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In the civil parish of St Cuthbert Without.
In the historic county of Cumberland.
Modern Authority of Cumbria.
1974 county of Cumbria.
Medieval County of Cumberland.

OS Map Grid Reference: NY42805055
Latitude 54.84654° Longitude -2.89229°

Woodside has been described as a Pele Tower although is doubtful that it was such, and also as a probable Bastle.

There are no visible remains.


Plan of Woodside made in 1878 revealed an pele tower prior to the alterations then being undertaken. The plan now appears to be lost. (PastScape–ref. Perriam and Robinson)

Woodside, the seat and property of Miss Losh, is a large and handsome mansion, situate in a beautiful and well-wooded lawn. The Woodside estate has been for many generations held by this family; the present proprietress is daughter of the late John Losh, Esq., and the largest land-owner in the township. Messrs. Thomas and John Lowthian, Joseph Sewell, and colonel Martin, have estates here also. (Mannix & Whellan)

Situated on the extreme northern verge of the Forest of Inglewood, the estate received the fitting name "Woodside." The mansion has reached its present stately form through a series of additions and improvements. The north front dates from the time of Queen Anne; and the south front was added by the late Miss Sarah Losh, some seventy years since. From discoveries made during the complete restoration which took place some years ago, we may safely conclude that the more ancient house was a small Peel, of the form usually found on the Scottish border. The close vicinity of another Peel, that of the Dean and Chapter of Carlisle. now called Newbiggin Hall, does not contradict this conclusion but rather confirms it; for small Peels within a stone's throw of each other may still be seen at Malkridge, near Haltwhistle. (Bulmer)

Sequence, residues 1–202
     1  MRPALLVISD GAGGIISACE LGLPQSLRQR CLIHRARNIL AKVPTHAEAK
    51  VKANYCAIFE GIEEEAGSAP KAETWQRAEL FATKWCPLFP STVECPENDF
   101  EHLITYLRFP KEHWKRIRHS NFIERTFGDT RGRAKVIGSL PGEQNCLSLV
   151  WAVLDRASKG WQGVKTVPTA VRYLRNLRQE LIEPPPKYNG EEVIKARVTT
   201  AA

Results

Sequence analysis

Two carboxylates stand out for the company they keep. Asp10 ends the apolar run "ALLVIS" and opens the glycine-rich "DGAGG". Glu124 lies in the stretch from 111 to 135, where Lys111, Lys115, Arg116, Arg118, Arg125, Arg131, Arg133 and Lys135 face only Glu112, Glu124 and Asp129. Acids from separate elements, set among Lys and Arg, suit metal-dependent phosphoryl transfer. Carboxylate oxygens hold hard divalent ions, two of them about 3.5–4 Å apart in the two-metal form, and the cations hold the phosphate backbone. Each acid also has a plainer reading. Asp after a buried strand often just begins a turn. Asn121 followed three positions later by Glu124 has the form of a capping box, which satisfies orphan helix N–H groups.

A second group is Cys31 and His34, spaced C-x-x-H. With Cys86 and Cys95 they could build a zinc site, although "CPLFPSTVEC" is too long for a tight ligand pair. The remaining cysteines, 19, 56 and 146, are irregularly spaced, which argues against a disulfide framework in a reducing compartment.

PastScape locate this at NY433499, the location of modern Woodside Farm, but called Wood House on the C19 OS maps. This was not the location of Woodside House.
It appears the rebuilt house of 1878 has now been demolished and that not only is the plan of this possible 'pele' lost but the last remains are also gone. In 1878 the bastle house (or pele-house) was a less well known building form (Clark, who was not a north country man, was probably unaware of it) and it may be that it was a pele-house rather than the higher status pele-tower that was seen on the house survey. However the report in Bulmer might suggest that a pele-house was what was meant for the 'peles' around Melkridge are pele-house type bastles and Newbiggin is an ambiguous building but of a rectangular rather than square footprint.
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This record last updated 26/07/2017 09:21:32

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